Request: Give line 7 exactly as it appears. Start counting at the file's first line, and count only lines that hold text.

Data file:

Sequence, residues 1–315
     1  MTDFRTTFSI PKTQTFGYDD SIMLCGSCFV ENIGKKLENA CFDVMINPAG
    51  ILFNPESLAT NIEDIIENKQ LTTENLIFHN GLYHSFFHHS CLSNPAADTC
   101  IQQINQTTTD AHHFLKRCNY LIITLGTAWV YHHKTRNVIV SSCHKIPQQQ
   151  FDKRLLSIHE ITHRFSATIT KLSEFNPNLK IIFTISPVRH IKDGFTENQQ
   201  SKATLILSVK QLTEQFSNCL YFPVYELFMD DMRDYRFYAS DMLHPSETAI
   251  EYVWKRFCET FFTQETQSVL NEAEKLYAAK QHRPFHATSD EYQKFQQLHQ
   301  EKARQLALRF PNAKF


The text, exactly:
   251  EYVWKRFCET FFTQETQSVL NEAEKLYAAK QHRPFHATSD EYQKFQQLHQ